NLS on the Move

April 25, 2019

The latest on our new initiatives

 

Finding commercial and BARD-only books

For the first eight decades of its existence, NLS almost always used its own recording studio staff or outside studios to record books. That changed in 2013, when we began striking deals with commercial publishers to obtain their audio files, free of charge.

“By taking advantage of commercial recordings when we can, we’re getting more books into the talking-book program and doing it in a more timely fashion,” NLS Director Karen Keninger said. “This helps us focus our efforts on producing books that don’t have commercial audio counterparts.”

It’s a money-saver, too. There are still costs for converting a commercial file into a for­mat that can be read by NLS talking-book machines and downloaded from BARD, but the narration costs for such titles are eliminated.

The titles that NLS produces are generally available on digital talking-book cartridges as well as on BARD, and network libraries can order them through the copy allotment process. Those titles are also listed in Talking Book Topics.

The collection also includes many titles that are available only on BARD. These “BARD-exclusive” titles—most of which are commercial audiobooks—aren’t listed in TBT. So we need to be pro-active in helping patrons find them.

NLS keeps a list of BARD-exclusive titles under “Bulletins and Reports” on the Network Services website.

To easily find commercial audiobook titles in the collection, librarians and patrons alike can use the Voyager catalog search engine at www.loc.gov/nls under “Catalog Search.” Once you’re on Voyager’s “Basic Search” screen, type “commercial audiobook” (with the quote marks) under step one; leave the default option of “None” under step two; and select the first option, “Keyword (match ALL words),” under step three. That will give you more than 8,500 commercial titles currently in the collection.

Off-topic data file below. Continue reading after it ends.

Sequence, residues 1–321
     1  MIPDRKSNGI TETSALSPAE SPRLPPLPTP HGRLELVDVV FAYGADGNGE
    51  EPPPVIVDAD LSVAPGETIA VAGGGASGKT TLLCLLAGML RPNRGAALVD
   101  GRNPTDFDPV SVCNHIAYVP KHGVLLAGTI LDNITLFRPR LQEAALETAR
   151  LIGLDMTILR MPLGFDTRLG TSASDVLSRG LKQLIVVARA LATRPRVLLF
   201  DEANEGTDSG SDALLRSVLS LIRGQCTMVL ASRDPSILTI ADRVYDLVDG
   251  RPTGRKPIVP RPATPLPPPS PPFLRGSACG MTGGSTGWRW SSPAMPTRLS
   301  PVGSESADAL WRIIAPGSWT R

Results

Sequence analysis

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“Of course, most patrons won’t want to browse thousands of titles to find a book they want,” Keninger said. “But they can also use Voyager to search for a specific title, books by their favorite author, or books on a certain subject—whether they are commercial titles or books that NLS has produced.”

BARD-exclusive titles are a great way for libraries to promote use of the BARD Mobile apps for personal smart devices—especially since the addition of the “Most Popular” feature last year, which points patrons to books their fellow BARD users are reading. Libraries using Duplication on Demand can also download BARD-exclusive books to cartridges for patrons who don’t use BARD or BARD Mobile.

Questions about using the NLS catalog? Contact your network representative.

Watch for the next issue of On the Move in your inbox on May 30!